Ian-Edward Stafrace of Atlas Insurance PCC shares his insights on leveraging protected cells for advancing ESG goals and driving sustainable change
In a world in which ESG considerations increasingly dictate business strategy, risk and insurance managers are uniquely positioned to lead the charge. As ESG, sustainability and climate change adaptation ascend corporate agendas, insurance-protected cells can provide potent tools to drive positive ESG outcomes.
The strategic intersection of protected cells and ESG
With their flexibility and efficiency, protected cells can significantly bolster their parent organisations’ ESG strategy. They align with the long-term strategic view of leading organisations, working proactively to meet the escalating pressures and expectations from investors, governments, regulators and consumers. In this context, risk managers should integrate ESG considerations into their risk financing strategy, aligning with and positively influencing the wider group’s ESG priorities.
The UN Environment PSI
The UN Program’s Principles for Sustainable Insurance (PSI) provide a global framework for addressing ESG risks and opportunities. Cell owners can reap several benefits by adopting the PSI for risk management, innovation and solution development, policy influence and transparency, and accountability. The PSI encourages organisations to consider ESG issues in their decision-making process, which can lead to more comprehensive risk management.
By identifying and addressing ESG risks, cell owners can protect their assets and ensure long-term sustainability.
The PSI promotes collaboration to develop solutions for ESG issues, which can lead to innovative covers and services that meet the cell owner’s and society’s evolving needs.
It encourages engagement with governments, regulators, and other stakeholders to promote action on ESG issues, which can give cell owners a voice in shaping policies that impact their business and wider society.
In addition, the PSI requires regular public disclosure of progress in implementing its principles. This transparency can enhance a cell owner’s reputation, build stakeholder trust and demonstrate commitment to sustainable practices.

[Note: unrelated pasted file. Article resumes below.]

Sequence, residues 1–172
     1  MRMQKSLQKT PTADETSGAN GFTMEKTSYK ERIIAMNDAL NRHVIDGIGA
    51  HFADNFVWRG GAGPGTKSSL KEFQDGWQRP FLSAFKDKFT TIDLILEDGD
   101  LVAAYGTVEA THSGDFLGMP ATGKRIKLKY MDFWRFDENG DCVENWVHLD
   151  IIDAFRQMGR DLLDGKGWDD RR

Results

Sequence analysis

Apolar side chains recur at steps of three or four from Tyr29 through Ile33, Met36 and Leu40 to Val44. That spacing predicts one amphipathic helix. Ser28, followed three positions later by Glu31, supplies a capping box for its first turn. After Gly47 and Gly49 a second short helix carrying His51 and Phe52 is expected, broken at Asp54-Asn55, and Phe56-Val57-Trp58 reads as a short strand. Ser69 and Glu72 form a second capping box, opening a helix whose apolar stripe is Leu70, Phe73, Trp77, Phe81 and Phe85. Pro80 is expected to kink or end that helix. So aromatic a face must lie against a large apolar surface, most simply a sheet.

This adoption can provide cell owners with a strategic approach to managing ESG risks and opportunities while demonstrating their contribution to the broader societal goal of sustainable development.
Commitment to sustainability
Atlas Insurance PCC is actively committed to sustainability and community engagement. It has recently partnered with renowned swimmer, ocean activist and world record holder Neil Agius. Agius’ ‘Wave of Change’ initiative is a movement that raises awareness of the impact daily decisions have on our seas and oceans. Through this collaboration, Atlas supports initiatives related to sustainability, lessening pollution and increasing wellbeing. The partnership underscores Atlas’s belief in the power of community engagement to drive positive and sustainable change.
Addressing emerging climate change risks
Organisations face emerging climate change issues, including transition and adaptation risks. Companies can use their protected cell as a pre-funding and uncertainty management tool for future risks. They can identify current or future transition risks that will have the most significant impact on the organisation and which assets are likely to be most exposed. They can leverage their data and relationships with actuaries and reinsurers to plan for and address these risks.
Carbon footprint and sustainability reporting
A captive may need to report on ESG due to regulatory requirements. Protected cell companies (PCCs) may have economies of scale to share in this area as they evolve with the changing regulatory reporting landscape. As a PCC is a single legal entity inclusive of the cells it hosts, it has proven itself to be efficient in external reporting. In the EU, for example, a PCC produces a single own risk solvency assessment (ORSA), regular supervisory report (RSR) and solvency and financial condition report (SFCR).
The Partnership for Carbon Accounting Financials (PCAF) has recently created a standard for calculating insurance-associated carbon emissions. Broadly speaking, this entails multiplying the carbon footprint of the insured by the insurance premium charged, divided by the revenue of the insured, which is then added to the insurer’s carbon footprint. There is, therefore, an added carbon cost for insurers and reinsurers. Consequently, forward-looking risk managers are keen to help their organisations reduce their carbon footprint as it can help their long-term risk financing ability.